Christophe Mazurier, a renowned financier and climate activist in his adopted nation of the Bahamas, reflected that 2014 represented a landmark year for climate change activism and the long-ignored fight against its effects. At major events like the UN Climate Summit in New York in September, the third annual Conference of Small Island Developing States in Samoa or the G20 Summit in Brisbane, Australia, the climate change took center stage. It could not be avoided, ignored or swept under the rug. Finally, the science and activism finally translated into political activity.
Much of the first half of 2014 was taken up by governments like the United States lending credence to scientific evidence of the effects of climate change. Reports such as the U.S.’s National Climate Assessment, published in May, further contributed to an international consensus that climate change exists, is detrimental, and needs to be addressed. Mazurier, who monitored the year’s climate events closely, said that the global acknowledgement of climate change helped make the year’s subsequent summits and political conventions powder kegs for change.
Matters kicked off with the UN’s Third International Conference on Small Island Developing States (SIDS) in early September. The once-in-a-decade summit took place in Samoa and brought to light problems that the 51 low-lying and coastal nations face today. The major issue? Climate change. The Bahamas, whose plight Mazurier has worked to bring to light in the developed world, is the fifth-most endangered nation when it comes to climate change. SIDS like the Bahamas and its Caribbean neighbors spent much of the summit working with private businesses, non-governmental organizations and larger, more developed governments to raise awareness.
Weeks later, UN Secretary-General Ban Ki-Moon, a tireless proponent of climate activism, took what he learned at SIDS and held forth at the UN Climate Week in New York City. The convention was like a thunderclap for the climate fight, with marches and impassioned speeches and agreement and acknowledgement from political and business leaders. There were few doubters and those that did were drowned out by the billion-dollar commitments to the Green Climate Fund made by the United States, China and France.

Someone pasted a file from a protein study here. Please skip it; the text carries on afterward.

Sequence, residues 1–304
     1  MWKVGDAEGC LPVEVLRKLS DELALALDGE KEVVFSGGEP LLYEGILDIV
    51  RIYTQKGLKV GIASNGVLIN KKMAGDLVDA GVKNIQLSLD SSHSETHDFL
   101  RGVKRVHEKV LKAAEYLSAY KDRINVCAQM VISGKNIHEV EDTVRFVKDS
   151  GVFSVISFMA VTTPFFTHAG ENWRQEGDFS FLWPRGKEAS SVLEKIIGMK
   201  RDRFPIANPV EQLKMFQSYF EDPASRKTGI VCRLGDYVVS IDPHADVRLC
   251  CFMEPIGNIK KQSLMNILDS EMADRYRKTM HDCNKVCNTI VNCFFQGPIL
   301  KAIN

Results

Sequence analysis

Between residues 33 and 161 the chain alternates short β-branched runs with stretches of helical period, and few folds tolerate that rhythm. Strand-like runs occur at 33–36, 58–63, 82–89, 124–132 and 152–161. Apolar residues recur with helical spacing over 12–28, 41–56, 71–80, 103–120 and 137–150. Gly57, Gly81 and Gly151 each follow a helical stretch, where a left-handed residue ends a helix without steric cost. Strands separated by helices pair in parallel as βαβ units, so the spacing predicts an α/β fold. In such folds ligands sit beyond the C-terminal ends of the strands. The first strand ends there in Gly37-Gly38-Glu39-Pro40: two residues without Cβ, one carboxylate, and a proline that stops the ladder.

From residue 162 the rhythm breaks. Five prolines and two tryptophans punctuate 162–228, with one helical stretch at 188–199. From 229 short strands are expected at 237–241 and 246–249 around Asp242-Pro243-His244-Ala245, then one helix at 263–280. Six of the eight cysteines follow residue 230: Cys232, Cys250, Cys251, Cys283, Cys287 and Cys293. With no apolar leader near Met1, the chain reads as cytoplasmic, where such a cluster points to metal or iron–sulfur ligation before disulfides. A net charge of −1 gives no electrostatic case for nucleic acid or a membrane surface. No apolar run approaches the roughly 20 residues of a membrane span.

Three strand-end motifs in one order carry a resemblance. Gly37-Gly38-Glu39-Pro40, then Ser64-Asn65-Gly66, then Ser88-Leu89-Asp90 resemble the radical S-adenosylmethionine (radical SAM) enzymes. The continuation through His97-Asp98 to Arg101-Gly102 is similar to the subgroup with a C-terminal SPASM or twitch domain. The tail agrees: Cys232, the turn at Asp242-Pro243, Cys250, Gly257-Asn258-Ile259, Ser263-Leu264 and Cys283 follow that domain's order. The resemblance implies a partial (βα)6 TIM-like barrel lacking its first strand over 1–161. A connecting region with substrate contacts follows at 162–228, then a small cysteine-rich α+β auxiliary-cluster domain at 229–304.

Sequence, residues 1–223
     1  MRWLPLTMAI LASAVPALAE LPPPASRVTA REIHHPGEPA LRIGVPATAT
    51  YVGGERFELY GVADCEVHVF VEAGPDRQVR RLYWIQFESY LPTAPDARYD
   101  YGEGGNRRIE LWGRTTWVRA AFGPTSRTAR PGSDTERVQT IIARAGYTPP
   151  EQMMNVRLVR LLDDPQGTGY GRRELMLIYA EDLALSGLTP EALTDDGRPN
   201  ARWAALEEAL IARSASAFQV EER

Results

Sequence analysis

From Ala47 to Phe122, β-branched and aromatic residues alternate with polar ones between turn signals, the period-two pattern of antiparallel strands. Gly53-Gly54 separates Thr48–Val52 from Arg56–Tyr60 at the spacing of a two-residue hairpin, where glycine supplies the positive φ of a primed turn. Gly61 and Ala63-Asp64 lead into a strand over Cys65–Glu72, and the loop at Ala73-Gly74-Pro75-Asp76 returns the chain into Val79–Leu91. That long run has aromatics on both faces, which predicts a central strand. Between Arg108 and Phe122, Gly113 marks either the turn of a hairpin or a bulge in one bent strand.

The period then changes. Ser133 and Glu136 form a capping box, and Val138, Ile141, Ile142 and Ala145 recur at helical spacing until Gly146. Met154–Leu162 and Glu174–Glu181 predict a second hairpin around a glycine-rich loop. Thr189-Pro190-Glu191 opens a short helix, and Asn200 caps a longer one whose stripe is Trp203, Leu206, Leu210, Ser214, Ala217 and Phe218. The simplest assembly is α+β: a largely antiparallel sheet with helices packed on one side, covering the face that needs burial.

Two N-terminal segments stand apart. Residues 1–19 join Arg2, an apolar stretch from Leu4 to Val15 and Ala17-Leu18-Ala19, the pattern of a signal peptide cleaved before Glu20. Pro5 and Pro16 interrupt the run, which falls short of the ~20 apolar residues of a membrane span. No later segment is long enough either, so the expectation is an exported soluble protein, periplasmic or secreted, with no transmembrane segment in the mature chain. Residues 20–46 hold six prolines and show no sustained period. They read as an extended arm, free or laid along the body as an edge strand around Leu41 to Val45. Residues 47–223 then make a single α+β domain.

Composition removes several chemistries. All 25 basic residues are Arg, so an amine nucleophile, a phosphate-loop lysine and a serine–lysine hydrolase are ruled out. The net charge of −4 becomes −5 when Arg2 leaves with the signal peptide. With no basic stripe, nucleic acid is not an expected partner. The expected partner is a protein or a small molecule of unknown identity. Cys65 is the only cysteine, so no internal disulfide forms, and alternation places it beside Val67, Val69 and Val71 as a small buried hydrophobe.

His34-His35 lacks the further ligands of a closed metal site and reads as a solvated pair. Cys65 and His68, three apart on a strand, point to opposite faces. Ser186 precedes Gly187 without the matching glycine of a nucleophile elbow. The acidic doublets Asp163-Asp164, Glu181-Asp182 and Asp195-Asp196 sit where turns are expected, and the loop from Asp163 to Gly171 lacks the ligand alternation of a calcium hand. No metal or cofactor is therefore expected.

Soon after, nations that are collectively responsible for 50% of the world’s emissions agreed sweeping and aggressive measures to reduce emissions. The European Union, which led the effort, announced it would reduce emissions by 40% before 2030. China and the United States decisively agreed to draft legislation that would result in significant cuts.
At the G20 summit in Brisbane, Australia in November, those same nations would not allow the conference to end without a strong emphasis on the need for climate action. Hosts Australia, a major coal producer, attempted to marginalize the issue but by the eleventh month of the year, there was too much momentum to halt it. The final communique from the summit made sure that the G20 nations, which represent 85% of the world’s economy, would be heavily encouraged to pass emission-reduction legislation.
A month later, the Lima Accord was signed in Peru during the 20th UNFCCC Conference of the Parties, marking the first time in history that all nations have acknowledged climate change and agreed to address it with domestic climate legislation.
It was yet another body blow for the climate fight against the doubters just as 2015 beckons.
Will the knockout come in 2015? Like other officials and activists, Mazurier is hopeful for the future thanks to a banner 2014.